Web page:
Ah, closing escrow, nothing else feels quite like it! If you’ve made it this far, congratulations are in order. After preparing your home, pricing and listing it effectively, you’ve gone through the endless showings and gathered offers. You’ve gone through initial negotiations and selected the best offer, followed by more negotiations and the opening of escrow.
Then you successfully navigated the inspection and appraisal process, provided the necessary documentation to the title company and weathered the waiting period. Finally, the time has come to transfer ownership, and most importantly, to get paid!
Escrow closes when ownership of the property transfers from seller to buyer. As the home buyer, it involves fully funding the purchase—typically as a check from the lender for the remaining home balance. As the seller, it involves signing documentation that acknowledges the new owner, and handing over the keys to the home.
There are several obligations of the seller right before escrow closes. These include:
- Removing all personal belongings from the property, unless agreed in the contact to leave them for the buyer
- Completing any repairs that you agreed to following the home inspection
- Deep cleaning the home immediately before the closing date, providing it in a “move-in ready” condition
Performing all of this will help ensure that there are no last minute, avoidable delays to the closing.
What to Bring to the Signing
As the home seller, you won’t have to bring much to the closing appointment, unless instructed by your escrow agent. The agent may request that you bring certain documentation if it wasn’t previously provided.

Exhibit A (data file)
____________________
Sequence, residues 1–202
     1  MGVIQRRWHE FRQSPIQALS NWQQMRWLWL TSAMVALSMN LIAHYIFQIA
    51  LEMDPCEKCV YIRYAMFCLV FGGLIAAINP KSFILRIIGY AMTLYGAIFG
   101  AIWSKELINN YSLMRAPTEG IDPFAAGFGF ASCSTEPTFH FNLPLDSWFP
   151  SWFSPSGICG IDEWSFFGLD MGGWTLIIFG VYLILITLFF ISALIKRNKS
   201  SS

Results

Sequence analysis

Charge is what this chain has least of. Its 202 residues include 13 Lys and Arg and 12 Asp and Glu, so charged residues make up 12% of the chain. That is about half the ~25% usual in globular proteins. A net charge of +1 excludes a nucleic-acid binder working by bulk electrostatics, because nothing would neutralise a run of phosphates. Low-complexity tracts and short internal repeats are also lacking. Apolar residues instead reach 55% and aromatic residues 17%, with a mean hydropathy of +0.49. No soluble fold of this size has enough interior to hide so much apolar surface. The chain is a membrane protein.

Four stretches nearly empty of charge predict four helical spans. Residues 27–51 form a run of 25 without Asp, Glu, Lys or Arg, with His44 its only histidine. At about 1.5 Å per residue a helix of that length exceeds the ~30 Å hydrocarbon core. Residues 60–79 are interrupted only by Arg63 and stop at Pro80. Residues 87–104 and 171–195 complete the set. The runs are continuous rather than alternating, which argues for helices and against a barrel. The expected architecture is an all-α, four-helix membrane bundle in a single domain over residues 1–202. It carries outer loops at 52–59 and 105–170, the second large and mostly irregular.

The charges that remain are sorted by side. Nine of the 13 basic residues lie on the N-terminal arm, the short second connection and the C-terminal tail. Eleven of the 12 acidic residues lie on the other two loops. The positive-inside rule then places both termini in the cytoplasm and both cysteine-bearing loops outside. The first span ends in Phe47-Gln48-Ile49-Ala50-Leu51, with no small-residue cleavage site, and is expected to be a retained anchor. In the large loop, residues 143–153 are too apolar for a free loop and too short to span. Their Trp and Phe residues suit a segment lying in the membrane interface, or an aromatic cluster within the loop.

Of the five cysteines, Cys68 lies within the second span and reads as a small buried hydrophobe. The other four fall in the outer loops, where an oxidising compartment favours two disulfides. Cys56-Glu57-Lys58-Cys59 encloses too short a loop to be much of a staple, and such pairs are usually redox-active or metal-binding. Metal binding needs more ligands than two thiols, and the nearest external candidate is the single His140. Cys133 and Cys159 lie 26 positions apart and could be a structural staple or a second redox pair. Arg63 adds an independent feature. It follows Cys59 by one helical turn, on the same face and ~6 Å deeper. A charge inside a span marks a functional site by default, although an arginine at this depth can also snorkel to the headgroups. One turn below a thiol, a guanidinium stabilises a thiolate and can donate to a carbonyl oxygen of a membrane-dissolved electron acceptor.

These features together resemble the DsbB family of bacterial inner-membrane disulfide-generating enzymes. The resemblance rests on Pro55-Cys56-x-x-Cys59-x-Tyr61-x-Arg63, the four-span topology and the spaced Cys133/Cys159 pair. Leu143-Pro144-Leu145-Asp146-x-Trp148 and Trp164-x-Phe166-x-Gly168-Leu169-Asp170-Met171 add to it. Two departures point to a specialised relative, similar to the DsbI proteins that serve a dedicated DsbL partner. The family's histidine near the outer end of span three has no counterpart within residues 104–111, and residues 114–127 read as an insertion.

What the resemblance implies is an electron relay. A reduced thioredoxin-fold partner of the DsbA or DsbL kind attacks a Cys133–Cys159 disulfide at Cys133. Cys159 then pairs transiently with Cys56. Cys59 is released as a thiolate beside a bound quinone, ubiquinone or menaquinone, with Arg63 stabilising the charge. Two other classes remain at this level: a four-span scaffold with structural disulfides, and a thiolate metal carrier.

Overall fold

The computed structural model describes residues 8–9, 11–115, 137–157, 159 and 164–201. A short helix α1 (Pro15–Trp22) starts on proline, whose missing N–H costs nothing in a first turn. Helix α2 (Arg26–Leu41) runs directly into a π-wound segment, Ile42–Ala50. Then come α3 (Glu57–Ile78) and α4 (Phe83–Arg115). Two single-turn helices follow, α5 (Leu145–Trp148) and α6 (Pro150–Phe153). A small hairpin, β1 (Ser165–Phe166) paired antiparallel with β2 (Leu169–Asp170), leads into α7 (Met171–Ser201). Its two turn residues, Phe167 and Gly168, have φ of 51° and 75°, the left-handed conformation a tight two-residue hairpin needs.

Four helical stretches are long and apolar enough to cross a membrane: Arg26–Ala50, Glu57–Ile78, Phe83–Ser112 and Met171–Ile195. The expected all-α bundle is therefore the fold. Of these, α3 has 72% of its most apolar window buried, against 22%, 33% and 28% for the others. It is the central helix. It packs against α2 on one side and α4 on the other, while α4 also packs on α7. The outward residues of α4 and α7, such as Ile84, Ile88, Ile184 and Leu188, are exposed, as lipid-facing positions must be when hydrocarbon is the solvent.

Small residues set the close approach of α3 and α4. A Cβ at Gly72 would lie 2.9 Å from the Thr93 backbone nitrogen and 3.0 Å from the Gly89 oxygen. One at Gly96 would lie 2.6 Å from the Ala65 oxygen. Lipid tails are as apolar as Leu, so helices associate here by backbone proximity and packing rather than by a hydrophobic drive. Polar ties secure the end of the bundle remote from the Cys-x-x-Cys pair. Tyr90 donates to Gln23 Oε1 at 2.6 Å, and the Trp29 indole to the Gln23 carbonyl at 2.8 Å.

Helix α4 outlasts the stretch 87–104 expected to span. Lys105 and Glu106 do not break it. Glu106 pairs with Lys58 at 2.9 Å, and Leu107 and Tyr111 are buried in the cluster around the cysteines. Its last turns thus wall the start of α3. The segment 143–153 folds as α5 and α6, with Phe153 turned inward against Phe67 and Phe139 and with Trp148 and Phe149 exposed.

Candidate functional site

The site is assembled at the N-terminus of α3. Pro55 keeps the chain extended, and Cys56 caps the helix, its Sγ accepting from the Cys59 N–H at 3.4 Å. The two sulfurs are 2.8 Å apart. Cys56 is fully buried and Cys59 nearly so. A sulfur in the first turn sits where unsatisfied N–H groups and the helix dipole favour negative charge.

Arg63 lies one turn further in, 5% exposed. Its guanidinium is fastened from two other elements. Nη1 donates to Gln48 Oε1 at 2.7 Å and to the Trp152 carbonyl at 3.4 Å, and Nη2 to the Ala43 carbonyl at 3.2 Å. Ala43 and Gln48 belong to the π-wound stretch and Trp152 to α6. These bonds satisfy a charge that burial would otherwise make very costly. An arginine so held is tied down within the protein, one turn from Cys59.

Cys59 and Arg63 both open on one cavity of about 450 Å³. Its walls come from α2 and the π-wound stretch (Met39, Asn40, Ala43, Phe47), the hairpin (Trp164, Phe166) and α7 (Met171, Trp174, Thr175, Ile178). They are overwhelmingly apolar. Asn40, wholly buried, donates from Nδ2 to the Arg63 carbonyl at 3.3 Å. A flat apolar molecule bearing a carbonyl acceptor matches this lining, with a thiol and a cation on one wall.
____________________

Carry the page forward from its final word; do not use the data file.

Hopefully, you’ve already provided all requested documents in a timely manner to avoid any potential delays in closing. Unless you had work done right before closing and need to provide completion documents, there won’t be much else to worry about. Regardless, if the escrow agent requests any documentation, bring it with you even if you previously provided it.
You’ll also want to bring:
- A government-issued photo identification
- Keys to all entry doors, including the garage and exterior gates
- Any relevant punch codes or openers for entries that don’t use keys
- Codes for any smart devices such as locks, thermostats, doorbells, and appliances
- Cashier’s checks for any repair or closing cost credits
California doesn’t require home buyers and sellers to meet at the closing table. Thus, it may be possible to sign your portion of the paperwork and provide the keys in advance, allowing you to skip the closing all together.
Closings can range from less than one hour to several hours. If you don’t want to risk spending the whole day at the title company, it’s probably best to ask your real estate agent about handling your obligations in advance. This way, they can represent you during the physical closing appointment.
Home Seller Closing Documents
The final closing of escrow involves signing a lot of paperwork (primarily on the buyer’s side), but each document serves an important purpose.
- Closing Statement: this document summarizes all fees owed by both parties for the sale to complete
- Closing Disclosure: this document will likely be provided to you if you’ve agreed to pay any of the lender fees on behalf of the buyer
- The Affidavit of Title: this document outlines any legal issues with the property and stipulates that the seller is the owner of the property and thus retains the right to sell it to the buyer
- Property Deed: this document signifies the transfer of ownership from seller to buyer
- Bill of Sale: this document summarizes all items being provided along with the home from the seller, such as furniture or appliances
Once the paperwork is signed and money is in hand, it’s time to break open the champagne. Don’t forget to give yourself a pat on the back for completing the long and arduous journey of selling your home successfully!